An abundant source of soluble fiber and lignans, compounds which have been studied for beneficial effects for pre-and type-2 diabetics, flaxseed also contains alpha-linolenic acid, an important plant-based omega-3 fatty acid. Andrea M. Hutchins, from the University of Colorado (Colorado, USA), and colleagues enrolled 25 overweight or obese men and postmenopausal women with pre-diabetes in a 12-week long study in which subjects consumed 0, 13, or 26 grams of ground flaxseed daily. The team monitored glucose, insulin, homeostatic model assessment (HOMA-IR), and normalized percent of alpha-linolenic fatty acid (ALA). The team observed that 13 gm/day of flaxseed significantly decreased insulin resistance. The study authors submit that: “Flaxseed intake decreased glucose and insulin and improved insulin sensitivity as part of a habitual diet in overweight or obese individuals with pre-diabetes.”
Andrea M. Hutchins, Blakely D. Brown, Stephen C. Cunnane, Stephanie G. Domitrovich, Earle R. Adams, Courtney E. Bobowiec. “Daily flaxseed consumption improves glycemic control in obese men and women with pre-diabetes: a randomized study.” Nutrition Research, 1 April 2013.
The extent of a person’s energy expenditure is a key determinant in risk reductions for hypertension, hypercholesterolemia, diabetes, and coronary heart disease
Printer generates material that can perform some of the basic functions of the cells inside the human body.
Vitamin D is vital for efficient muscle performance and may help to boost energy levels.
Living near asphalt that is sealed with coal tar may raise a person’s risk of getting cancer, with the greatest potential effect in young children.
Daily consumption of flaxseed may decrease insulin resistance and help reduce the risk of developing type-2 diabetes, among pre-diabetic men and women.
Lower levels of testosterone are predictive of rheumatoid factor (RF)-negative rheumatoid arthritis (RA), among men.
Women who consume walnuts regularly may reduce their risks of type-2 diabetes by as much as 24%.
Decreased levels of the hormone melatonin may be linked to the development of type 2 diabetes.
Consuming two servings of fatty fish per week may add as much as two extra years of lifespan.
Pharmaceuticals commonly found in the environment are disrupting streams, with unknown impacts on aquatic life and water quality.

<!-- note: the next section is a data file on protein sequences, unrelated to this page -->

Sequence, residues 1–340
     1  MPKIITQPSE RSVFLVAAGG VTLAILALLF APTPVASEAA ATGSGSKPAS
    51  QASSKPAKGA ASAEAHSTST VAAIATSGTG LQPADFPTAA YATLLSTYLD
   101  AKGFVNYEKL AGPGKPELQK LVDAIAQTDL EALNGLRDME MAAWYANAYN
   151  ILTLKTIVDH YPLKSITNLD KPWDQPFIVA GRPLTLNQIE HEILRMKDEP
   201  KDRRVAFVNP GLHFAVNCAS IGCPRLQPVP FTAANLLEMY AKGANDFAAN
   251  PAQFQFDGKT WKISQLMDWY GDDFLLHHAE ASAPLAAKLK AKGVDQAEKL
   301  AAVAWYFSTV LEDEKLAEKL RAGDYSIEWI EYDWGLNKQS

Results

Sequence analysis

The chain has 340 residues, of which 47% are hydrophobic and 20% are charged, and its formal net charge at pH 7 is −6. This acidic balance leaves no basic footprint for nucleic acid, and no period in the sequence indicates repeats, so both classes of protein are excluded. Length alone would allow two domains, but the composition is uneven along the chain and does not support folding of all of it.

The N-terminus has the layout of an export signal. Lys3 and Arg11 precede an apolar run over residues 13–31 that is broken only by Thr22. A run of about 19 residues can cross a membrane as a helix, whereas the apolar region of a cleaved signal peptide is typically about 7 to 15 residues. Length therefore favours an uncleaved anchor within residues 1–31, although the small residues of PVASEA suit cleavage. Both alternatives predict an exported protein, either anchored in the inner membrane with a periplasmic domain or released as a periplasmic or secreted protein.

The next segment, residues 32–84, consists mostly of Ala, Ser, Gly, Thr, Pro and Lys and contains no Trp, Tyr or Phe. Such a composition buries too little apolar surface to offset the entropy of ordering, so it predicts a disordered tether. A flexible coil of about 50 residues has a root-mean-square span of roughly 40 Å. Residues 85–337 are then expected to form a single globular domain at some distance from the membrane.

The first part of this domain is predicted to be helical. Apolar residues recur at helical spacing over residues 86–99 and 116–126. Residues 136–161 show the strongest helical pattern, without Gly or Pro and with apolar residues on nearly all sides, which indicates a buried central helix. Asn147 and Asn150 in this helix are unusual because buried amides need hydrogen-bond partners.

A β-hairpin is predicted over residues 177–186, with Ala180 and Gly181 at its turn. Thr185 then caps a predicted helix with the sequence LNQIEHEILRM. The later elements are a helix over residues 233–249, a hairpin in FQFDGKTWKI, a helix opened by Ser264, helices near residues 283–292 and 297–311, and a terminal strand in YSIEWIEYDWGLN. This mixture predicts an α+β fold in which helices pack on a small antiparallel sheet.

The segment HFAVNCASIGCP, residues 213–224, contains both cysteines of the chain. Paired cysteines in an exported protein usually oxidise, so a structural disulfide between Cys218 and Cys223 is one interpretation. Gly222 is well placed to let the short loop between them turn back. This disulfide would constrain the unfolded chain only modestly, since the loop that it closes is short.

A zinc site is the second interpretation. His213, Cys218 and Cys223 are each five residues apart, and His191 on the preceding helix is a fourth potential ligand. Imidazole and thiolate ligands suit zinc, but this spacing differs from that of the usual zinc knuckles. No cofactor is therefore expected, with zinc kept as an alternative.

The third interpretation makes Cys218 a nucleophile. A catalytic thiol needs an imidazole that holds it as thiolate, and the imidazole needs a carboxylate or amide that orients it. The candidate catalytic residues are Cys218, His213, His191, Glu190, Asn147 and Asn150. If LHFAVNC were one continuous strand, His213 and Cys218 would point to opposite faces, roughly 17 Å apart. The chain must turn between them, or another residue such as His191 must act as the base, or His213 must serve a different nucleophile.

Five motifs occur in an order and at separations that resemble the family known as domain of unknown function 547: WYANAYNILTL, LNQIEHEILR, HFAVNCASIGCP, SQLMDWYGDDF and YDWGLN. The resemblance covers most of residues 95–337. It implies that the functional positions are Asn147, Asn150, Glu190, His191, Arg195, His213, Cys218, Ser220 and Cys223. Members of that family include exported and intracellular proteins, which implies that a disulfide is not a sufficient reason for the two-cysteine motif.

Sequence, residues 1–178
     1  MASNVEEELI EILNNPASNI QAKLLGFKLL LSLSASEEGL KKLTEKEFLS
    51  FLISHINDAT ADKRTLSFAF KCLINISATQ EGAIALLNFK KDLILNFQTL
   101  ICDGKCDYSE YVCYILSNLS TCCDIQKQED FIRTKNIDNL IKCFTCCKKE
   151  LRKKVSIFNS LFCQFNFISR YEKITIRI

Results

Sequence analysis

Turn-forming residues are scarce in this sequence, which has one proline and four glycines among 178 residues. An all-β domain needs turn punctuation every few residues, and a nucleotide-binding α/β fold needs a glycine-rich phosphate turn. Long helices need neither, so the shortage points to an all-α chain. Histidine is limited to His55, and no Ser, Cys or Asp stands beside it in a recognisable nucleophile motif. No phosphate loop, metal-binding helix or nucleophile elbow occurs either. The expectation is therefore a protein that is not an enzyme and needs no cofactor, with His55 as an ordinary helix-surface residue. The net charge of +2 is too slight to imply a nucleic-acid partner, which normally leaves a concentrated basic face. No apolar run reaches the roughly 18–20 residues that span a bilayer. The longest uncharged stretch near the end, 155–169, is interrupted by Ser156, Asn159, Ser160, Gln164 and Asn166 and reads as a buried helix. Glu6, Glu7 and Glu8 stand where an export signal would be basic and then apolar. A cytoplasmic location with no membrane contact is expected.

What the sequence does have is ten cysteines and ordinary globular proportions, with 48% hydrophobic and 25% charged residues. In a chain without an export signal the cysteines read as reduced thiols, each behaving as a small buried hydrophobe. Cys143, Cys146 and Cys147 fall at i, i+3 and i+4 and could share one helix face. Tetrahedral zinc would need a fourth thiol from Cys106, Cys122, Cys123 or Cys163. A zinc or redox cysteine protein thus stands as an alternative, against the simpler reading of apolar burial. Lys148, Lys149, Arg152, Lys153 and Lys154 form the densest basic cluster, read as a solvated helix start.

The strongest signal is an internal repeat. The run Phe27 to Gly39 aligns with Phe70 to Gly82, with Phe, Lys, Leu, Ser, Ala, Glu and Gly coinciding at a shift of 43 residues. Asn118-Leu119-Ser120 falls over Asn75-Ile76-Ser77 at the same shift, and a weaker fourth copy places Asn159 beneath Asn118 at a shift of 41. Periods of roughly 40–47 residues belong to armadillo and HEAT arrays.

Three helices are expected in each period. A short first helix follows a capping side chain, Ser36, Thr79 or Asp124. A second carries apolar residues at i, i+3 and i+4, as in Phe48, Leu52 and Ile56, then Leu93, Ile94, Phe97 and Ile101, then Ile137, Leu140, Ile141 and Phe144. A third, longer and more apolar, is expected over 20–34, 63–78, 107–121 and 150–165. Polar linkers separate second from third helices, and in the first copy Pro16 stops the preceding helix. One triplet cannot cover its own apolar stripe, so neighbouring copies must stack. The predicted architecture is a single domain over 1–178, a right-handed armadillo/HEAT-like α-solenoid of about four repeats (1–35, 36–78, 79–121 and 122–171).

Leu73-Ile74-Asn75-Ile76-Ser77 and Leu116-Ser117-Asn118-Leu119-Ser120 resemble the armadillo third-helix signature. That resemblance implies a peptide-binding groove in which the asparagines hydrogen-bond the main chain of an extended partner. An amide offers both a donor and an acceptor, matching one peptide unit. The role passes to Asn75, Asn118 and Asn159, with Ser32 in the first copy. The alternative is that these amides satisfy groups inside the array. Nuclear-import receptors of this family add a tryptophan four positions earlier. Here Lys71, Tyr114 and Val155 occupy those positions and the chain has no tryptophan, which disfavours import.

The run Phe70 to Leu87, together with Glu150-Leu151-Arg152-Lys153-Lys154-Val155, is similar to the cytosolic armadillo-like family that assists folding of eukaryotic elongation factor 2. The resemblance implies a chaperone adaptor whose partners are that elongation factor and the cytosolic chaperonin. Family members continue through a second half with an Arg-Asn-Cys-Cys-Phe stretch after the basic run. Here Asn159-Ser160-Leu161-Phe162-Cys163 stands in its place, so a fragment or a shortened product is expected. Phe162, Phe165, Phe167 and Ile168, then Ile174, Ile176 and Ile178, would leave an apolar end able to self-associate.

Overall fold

Consuming avocados may associate with better diet quality – translating into healthier weight, as well as better cardiovascular and metabolic markers.
Supplementation with omega-3 fatty acids may postpone the onset of metabolic disorders and associated declines in cognitive functions.
Men who have Metabolic Syndrome may be at increased risk of diagnosis and death from prostate cancer.
The longer you drive to work, the more likely you are to be overweight and have high blood pressure.
Eating tree nuts helps to lower body weight and body mass index, while improving cholesterol levels and markers of inflammation.
Regular physical activity associates with positive health outcomes, particularly for women.
Among older people with glucose intolerance, daily resveratrol supplementation improved insulin sensitivity and reduced post-meal spikes in blood sugar.
An increased risk for colorectal cancer may exist among older women with high levels of serum glucose.
A diet high in fiber, but not necessarily low in saturated fat or cholesterol, associates with lower risks of heart disease and type II diabetes, in adolescents
Drinking a barley extract-enriched beverage may help to improve insulin sensitivity and prevent against type 2 diabetes.
Tip #153 - Fit with Fiber
Soluble fiber is found in foods such as oat/oat bran, dried beans and peas, nuts, barley, flax seed, fruits such as oranges and apples, vegetables such as carrots, and psyllium husk. It binds with fatty acids and prolongs stomach emptying time so that sugar is released and absorbed more slowly. Researchers from Hospital Universitari de Sant Joan (Spain) randomly assigned 200 overweight or obese study subjects to receive a daily soluble fiber supplement (comprised of Plantago ovata husk and glucomannan) two or three times a day, or placebo, for 16 weeks. At the end of the study, weight loss was higher in both fiber groups (4.52 and 4.60 kg lost, respectively), compared to the placebo group (0.79 kg weight loss). Additionally, LDL (low-density, “bad”) cholesterol levels decreased by 0.38 and 0.24 mmol/l in the fiber-supplemented groups, and the ratio of total cholesterol to HDL (high-density, “good")-cholesterol, and HDL to LDL, were also improved.
The recommended intake of fiber is 25 grams per day. To meet this, eat at least 5 servings of fruits & vegetables as well as at least 6 servings of grain products per day (at least 3 of which are whole grains). Your waistline, as well as cardiovascular health, will both benefit.